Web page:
Doctor Who Peter Capaldi on why there’s nothing bittersweet about leaving the BBC sci-fi show

The 12th Doctor Who says blowing up people dressed as monsters has been fun, and turning up at conventions and making some money along the way are some of the perks of the BBC’s classic Time Lord role

PUBLISHED : Friday, 14 April, 2017, 9:06am
UPDATED : Friday, 14 April, 2017, 9:06am

Doctor Who can probably go on forever. Just not with Peter Capaldi.

The actor, who has played the British time-travelling alien since late 2013, announced earlier this year that he would be departing the sci-fi show. But his Doctor, the 12th in the show’s more than 50-year history, isn’t done yet.

Who returns for BBC America’s 10th season (it returned to TV in 2005) on Saturday, and there’s a new companion in the Tardis (Pearl Mackie) and new monsters to be fought before Capaldi turns the role over to an as-yet-unannounced successor. But he’s not worried about the show going on without him. And the latest spin-off of the series, Class, follows Who on Saturday.

“The Doctor is a beacon of hope and kindness and goodness,” Capaldi says. “Because he can change, he can survive. ... I think it can go on (for a long time). I think it should.”

Who should be Doctor No. 13? “I think Tom Baker should be the next Doctor,” he jokes, referring to the 83-year-old actor who played the show’s much-beloved fourth Doctor. “He’s in pretty good shape, isn’t he?”

TV’s 12th ‘Doctor Who’, Peter Capaldi, is quitting iconic sci-fi role

More questions and answers:

Has it been bittersweet to film your final season?

Yes and no. I didn’t realise it was my final season until about halfway through it. ... I was just delighted to be carrying on being [the Doctor] and, no it’s not been bittersweet, really. It’s been sweet. Because it’s fun. And it’s people dressed up as monsters, and I blow them up.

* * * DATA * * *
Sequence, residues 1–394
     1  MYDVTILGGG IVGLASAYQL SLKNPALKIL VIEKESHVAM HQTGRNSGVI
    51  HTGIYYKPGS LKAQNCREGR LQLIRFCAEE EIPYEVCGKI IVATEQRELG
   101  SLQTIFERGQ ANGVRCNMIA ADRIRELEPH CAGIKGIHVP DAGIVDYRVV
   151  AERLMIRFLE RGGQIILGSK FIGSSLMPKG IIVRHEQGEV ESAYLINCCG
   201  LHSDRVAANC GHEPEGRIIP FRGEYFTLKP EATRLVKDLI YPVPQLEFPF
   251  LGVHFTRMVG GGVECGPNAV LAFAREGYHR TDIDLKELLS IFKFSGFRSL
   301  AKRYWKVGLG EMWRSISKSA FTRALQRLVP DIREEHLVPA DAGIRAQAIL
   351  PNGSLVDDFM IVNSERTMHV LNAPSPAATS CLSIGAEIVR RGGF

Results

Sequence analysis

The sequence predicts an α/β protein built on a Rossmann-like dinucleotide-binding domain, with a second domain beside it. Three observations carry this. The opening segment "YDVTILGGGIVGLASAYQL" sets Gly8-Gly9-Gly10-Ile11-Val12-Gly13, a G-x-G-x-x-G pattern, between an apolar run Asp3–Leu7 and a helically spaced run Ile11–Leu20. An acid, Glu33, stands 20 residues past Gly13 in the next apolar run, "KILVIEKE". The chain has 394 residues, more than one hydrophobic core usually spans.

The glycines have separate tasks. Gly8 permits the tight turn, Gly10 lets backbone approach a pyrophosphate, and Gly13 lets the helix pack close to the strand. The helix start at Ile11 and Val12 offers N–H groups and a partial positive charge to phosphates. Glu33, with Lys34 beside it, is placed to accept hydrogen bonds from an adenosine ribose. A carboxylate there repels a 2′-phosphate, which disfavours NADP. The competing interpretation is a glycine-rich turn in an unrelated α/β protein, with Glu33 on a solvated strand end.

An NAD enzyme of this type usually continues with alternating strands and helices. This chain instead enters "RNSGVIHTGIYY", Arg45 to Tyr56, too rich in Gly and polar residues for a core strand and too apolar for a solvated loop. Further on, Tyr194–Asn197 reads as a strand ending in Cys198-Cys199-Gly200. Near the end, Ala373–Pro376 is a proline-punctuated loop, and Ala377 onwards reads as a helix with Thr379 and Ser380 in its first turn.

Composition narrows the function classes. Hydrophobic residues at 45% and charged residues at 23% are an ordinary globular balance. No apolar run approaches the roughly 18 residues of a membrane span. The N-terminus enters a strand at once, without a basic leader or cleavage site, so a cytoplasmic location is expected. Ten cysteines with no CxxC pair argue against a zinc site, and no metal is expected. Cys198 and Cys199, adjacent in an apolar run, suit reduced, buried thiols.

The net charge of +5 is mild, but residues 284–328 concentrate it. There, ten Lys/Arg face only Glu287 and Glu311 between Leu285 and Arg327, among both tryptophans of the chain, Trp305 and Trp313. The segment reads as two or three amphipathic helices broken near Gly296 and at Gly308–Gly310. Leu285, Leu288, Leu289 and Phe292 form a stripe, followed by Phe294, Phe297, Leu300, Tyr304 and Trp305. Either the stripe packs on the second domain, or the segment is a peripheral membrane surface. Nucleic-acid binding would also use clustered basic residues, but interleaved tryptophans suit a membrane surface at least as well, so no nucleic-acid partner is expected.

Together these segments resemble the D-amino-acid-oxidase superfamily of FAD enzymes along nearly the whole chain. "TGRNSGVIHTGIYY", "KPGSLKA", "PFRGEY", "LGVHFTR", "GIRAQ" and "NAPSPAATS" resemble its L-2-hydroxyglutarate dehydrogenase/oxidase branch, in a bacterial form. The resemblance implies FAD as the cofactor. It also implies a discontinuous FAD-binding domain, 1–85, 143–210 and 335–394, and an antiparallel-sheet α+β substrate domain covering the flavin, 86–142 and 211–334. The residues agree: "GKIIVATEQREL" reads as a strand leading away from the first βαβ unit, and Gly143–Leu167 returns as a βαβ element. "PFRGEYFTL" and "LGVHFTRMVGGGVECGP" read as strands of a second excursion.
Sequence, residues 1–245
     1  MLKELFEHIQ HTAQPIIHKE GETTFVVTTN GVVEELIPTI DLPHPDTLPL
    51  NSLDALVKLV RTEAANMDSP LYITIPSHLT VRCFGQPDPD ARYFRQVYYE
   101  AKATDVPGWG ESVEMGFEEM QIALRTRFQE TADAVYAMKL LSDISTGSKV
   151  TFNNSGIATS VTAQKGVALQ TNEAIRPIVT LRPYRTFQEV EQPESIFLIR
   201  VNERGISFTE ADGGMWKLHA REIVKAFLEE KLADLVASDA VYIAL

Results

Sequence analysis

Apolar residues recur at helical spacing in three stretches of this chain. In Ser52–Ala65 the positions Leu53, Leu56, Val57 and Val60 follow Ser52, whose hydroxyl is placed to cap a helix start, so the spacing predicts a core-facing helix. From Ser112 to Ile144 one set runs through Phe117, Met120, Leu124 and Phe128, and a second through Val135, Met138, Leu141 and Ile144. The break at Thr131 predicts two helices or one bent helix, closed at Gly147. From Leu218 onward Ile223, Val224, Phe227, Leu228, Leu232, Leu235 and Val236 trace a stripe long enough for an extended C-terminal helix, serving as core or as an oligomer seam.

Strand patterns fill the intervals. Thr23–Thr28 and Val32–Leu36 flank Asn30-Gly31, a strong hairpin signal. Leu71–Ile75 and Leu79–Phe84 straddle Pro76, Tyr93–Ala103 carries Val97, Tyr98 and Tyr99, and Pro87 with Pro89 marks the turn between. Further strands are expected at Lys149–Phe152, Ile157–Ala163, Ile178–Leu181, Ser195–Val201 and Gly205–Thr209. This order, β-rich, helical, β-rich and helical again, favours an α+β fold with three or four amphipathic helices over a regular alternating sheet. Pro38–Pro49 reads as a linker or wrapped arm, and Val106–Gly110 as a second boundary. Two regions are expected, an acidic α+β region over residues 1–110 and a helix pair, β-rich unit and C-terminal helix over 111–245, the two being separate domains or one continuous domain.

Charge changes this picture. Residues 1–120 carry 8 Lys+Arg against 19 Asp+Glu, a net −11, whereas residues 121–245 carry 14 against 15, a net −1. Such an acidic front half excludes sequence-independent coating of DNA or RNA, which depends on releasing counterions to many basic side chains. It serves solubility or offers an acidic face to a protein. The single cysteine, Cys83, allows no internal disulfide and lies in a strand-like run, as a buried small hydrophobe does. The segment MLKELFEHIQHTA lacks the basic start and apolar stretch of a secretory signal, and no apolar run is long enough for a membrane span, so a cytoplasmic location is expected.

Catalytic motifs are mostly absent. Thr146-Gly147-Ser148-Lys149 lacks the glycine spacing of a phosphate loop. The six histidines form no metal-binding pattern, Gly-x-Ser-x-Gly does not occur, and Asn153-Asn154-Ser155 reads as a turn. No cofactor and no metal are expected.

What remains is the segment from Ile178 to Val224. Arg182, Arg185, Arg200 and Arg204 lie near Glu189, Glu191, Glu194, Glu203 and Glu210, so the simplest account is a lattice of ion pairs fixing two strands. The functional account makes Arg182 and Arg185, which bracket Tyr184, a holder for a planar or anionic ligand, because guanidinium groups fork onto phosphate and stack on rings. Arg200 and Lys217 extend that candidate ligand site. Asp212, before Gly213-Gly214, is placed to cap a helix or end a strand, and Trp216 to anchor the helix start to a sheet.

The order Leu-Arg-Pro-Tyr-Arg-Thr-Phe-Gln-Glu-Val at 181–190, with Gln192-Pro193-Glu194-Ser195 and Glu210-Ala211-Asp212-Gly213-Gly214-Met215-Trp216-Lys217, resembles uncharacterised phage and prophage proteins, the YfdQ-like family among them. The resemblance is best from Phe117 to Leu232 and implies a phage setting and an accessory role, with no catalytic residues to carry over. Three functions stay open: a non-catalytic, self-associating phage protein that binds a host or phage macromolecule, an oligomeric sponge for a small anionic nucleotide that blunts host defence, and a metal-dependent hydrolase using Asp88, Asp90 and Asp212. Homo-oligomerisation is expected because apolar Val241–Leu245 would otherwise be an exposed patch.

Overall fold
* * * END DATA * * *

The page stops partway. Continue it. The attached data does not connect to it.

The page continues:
Do you think this season is going to surprise fans?

I think it will please fans. It’s very hardcore Doctor Who because Pearl’s character is someone who has no knowledge of the Doctor. And the Doctor has to introduce her to the whole thing. It’s kind of refreshing, a reboot if you like. And hopefully, it will be for the audience. [Executive producer] Steven Moffat always says the Doctor Who magic is that every episode is “Episode 1.” You don’t really need to know anything about it other than you’re going to have an adventure in time and space.

Is there anything you didn’t get to do in your time as the Doctor? Any classic monsters you were dying to battle?

I’d like to have done an episode where the Doctor meets a struggling actor who looks exactly like him, who’s in a tacky television series – a tacky sci-fi series in Britain in the 70s that’s about to be cancelled! BBC edits out lesbian kiss from Doctor Who episode shown in Hong Kong

And I’d like to say to him, ‘Hang on in there ... you’ll get to go to conventions and make some money.’ I always wanted to do an episode where he met an actor who’s struggling in a tacky sci-fi version of his own life.

Do you think the next Doctor could be a woman or a person of colour, or both?

Sure, yeah. Absolutely, why not? I think that would be a very likely thing to have happen. A very good thing, too.

Any advice for your successor or for new producer Chris Chibnall?

Do what you like. The longer the show goes, the more of pressure there is to do what everyone thinks it should be, and you should always do what you like, because your own individual relationship with it is what makes it special. You don’t do what everybody else thinks you should be doing ... then it’s up to lots of other people.